Monday, February 13, 2012

One woman's treasure...

Graphite, colored pencil on  8.5 x 11 Strathmore paper

I've loved to walk since I can remember. I love to put one foot in front of the other and propel myself into the known or the unknown. It's a simple act that we mostly never even think about. For many years illness has limited my ability to go walking, which has only made me appreciate it more. I'm thrilled when I can go to a park and walk even for just a half mile and ecstatic when it's one or two miles.  I've learned to appreciate every single walk I'm able to take, even when I can only go around the block.

Last Sunday I did just that early in the morning before the neighborhood was awake. I listened and watched as birds began to move about, looking for food and mates, not necessarily in that order. I noticed that the leaf buds on many trees were nearly ready to burst and that many lawns had been mowed. On one of those lawns I saw a pristine dead Roof rat (Rattus rattus) looking so natural that I hesitated before collecting her to take home, afraid she would leap up and take offense as I placed her into a bag. She didn't and I spent a couple of days sketching and admiring her.

I know I'm not really supposed to like rats. As I write this I'm listening to the rustlings of a family of them that we've been unsuccessfully trying to evict from the attic above my studio. As my work day is ending I can hear theirs beginning as they exit through the (not so) cunning trap door we put in to let them leave but keep them from getting back in. I really do admire their ability to adapt to adversity. They've traveled far from their original place on the planet, yet thrive and multiply. And multiply. Where once they lived high up in trees and foraged in fields and forests, many now live high up in our buildings and get a ready supply of food from our gardens, homes and refuse. These tiny creatures have caused us much bigger creatures an awful lot of grief for a very long time without even trying. Pretty impressive, if you ask me.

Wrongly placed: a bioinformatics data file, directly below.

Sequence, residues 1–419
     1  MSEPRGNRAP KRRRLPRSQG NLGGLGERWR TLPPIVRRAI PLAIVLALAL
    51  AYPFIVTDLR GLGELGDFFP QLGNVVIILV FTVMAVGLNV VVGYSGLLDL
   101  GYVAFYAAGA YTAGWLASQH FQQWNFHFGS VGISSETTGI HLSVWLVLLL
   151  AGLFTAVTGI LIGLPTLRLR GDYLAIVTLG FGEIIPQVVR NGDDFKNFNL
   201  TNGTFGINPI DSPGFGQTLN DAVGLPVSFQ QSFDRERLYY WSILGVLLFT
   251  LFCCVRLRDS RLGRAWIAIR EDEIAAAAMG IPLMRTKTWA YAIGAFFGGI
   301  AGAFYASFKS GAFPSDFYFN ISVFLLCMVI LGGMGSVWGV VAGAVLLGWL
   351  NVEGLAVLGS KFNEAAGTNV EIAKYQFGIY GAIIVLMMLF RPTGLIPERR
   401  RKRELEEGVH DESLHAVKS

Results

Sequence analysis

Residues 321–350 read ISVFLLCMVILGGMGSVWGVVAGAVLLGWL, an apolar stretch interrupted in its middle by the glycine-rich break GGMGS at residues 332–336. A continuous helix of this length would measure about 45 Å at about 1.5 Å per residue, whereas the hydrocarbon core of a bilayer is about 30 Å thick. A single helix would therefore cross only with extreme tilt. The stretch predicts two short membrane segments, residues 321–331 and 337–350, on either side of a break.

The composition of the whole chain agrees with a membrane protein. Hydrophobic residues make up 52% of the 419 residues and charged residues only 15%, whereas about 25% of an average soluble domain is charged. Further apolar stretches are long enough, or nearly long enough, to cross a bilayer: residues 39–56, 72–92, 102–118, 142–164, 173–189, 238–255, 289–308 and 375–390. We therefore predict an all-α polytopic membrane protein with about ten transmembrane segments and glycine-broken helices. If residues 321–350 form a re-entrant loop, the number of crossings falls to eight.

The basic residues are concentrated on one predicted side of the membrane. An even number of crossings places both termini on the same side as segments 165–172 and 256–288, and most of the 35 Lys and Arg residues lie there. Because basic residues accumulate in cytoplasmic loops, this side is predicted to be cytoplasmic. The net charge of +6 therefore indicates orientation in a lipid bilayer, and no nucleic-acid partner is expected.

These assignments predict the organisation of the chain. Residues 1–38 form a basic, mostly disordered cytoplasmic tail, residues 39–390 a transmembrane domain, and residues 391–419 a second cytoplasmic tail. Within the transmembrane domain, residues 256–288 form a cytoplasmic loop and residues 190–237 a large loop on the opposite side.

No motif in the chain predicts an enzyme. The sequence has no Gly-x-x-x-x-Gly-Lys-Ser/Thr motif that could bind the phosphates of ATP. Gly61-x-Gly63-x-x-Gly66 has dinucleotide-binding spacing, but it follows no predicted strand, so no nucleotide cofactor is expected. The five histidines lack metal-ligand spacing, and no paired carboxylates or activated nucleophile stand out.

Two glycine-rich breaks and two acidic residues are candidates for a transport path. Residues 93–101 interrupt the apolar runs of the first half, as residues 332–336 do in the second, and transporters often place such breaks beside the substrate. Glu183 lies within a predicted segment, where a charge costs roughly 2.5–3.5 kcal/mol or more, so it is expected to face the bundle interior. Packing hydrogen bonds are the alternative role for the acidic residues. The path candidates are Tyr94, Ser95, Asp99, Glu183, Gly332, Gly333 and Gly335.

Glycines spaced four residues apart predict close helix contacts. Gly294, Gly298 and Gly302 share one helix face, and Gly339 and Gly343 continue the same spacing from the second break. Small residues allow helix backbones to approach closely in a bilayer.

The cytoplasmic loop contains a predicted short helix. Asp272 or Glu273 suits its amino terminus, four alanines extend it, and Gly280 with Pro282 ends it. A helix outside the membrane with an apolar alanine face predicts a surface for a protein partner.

Graphite, ink on 8.5 x 11 inch Stonehenge paper


  1. I agree with you, debbie. Rats are extremely adaptive and intelligent [they learn from their mistakes, unlike a lot of people :)] - truly to be admired!
    I'm glad to hear you took the rat home. I have 2 "cryogenically preserved" hummingbirds in my freezer.

  2. You are much braver than I. . .I would love to have studied him, but would have been unable to take him home. Such a great experience to be able to study a specimen like that. Bravo! Great illustrations too!

  3. These are terrific sketches Debbie. I expect rats are like cockroaches and will be here long after humans disappear from the planet. I find it interesting that those of us who really love Nature love her in all of her phases, including death. Like Studio at the Farm, I've had things in my freezer you wouldn't believe. Actually, you probably would.

  4. Beautiful study, Debbie. Yes, our freezers hold lots of wonders :) I love how we Sketching Nature Blog members are open and responsive to all aspects of nature. Bravo!

  5. This is just beautiful, Debbie, a fitting tribute to a life, even if it is "only" a rat. I've gratefully sketched any number of dead else would I get so close to a squirrel, a chipmunk, an oriole, a copperhead? I agree with everyone here...


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